Officials Charged With Logging in Dragon’s Tail

Three border police officers and two officials in charge of the country’s largest protected area have been charged with several crimes after they were accused of running a massive logging operation in the Ratanakkiri province territory known as the Dragon’s Tail.

Ouk Savouth, chief prosecutor of Phnom Penh Municipal Court, said he had charged Phon Sophat, commander of Border Unit 203, and his deputy commanders, Keo Louna and Lim Say, on July 27 with taking bribes, destroying the forest and illegal transportation of logs.

Also charged were Koy Sokha, director of Virachey National Park, and deputy director Yim Sath, Ouk Savouth said.

The logging operation was discovered on May 12, 2004, when government officials and World Bank representatives flew over the na­tional park to review progress of a $4.91-million, bank-funded initiative aimed at better managing the protected area .

The representatives were reportedly shocked to see the logging op­er­ation, and reported it to government officials who established an in­ter­ministerial committee to investigate, said Municipal Court Judge Kim Sophorn.

According to a report from the Ra­t­anakkiri provincial police to National Police Commissioner Hok Lundy dated July 16, 2004, Viet­namese na­tionals crossed the Cam­bodia-Laos border several times earlier that year with border police ap­proval.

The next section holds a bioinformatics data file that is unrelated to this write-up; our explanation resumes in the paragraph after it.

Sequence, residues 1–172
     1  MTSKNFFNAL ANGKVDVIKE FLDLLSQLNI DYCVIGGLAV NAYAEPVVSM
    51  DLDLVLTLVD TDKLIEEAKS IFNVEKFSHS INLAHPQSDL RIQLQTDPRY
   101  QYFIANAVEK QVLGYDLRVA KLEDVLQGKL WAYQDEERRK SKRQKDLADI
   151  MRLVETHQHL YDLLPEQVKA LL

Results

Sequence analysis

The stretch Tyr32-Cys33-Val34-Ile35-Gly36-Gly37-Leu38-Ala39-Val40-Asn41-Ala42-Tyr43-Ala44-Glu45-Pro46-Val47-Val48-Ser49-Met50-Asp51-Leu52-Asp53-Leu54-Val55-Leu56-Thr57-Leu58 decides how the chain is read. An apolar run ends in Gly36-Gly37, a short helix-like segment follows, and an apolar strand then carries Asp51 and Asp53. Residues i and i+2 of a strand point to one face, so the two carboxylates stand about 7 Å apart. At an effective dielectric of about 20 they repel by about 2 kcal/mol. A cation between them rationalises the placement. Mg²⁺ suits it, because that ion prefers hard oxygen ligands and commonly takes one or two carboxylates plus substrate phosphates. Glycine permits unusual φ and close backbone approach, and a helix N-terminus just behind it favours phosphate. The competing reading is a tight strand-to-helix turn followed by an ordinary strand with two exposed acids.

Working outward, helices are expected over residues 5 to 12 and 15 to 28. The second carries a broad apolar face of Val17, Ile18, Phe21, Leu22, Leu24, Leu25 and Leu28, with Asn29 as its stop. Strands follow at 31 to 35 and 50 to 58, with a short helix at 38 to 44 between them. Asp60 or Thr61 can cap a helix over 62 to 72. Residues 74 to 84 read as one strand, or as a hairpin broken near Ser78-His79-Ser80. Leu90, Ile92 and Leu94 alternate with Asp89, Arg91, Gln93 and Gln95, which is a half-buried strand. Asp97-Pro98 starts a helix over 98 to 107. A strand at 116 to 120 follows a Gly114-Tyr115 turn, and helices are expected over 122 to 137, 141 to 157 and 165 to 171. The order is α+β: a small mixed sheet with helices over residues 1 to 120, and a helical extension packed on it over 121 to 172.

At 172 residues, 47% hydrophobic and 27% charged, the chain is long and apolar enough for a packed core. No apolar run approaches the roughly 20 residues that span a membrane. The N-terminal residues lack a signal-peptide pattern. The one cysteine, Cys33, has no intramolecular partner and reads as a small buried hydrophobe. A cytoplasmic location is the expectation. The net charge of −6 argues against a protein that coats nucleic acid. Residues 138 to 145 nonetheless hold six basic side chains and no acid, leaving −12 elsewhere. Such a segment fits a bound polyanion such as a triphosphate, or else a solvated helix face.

The Vietnamese nationals cut trees and transported them back, eventually taking 500 truckloads of trees out of the country, the report states.

“After all the logs were transported out, Phon Sophat, Keo Louna and Lim Say shared the money given to them with about 40 people from the two police posts,” the report says.

“The chief and deputy received $1,000 and each subordinate re­ceived $600. They said that they were not satisfied with the money be­cause it was less than they were supposed to get.”

Following the investigation, the Environment Ministry lodged a complaint with the Ratanakkiri Pro­vincial Court on Nov 15, but no ac­tion was ever taken, prompting the case to be brought to Phnom Penh, Kim Sophorn said.

Yim Kimsean, Environment Min­istry secretary of state, praised the charges. “This is a positive result from our hard work,” he said.

Mike Davis of Global Witness said the logging operation was the largest of its kind since the moratorium on logging was instituted in 2001.

The investigation was likely launched due to the embarrassing position government officials found themselves in following the discovery by World Bank officials, he said, adding that the court action was a positive step.

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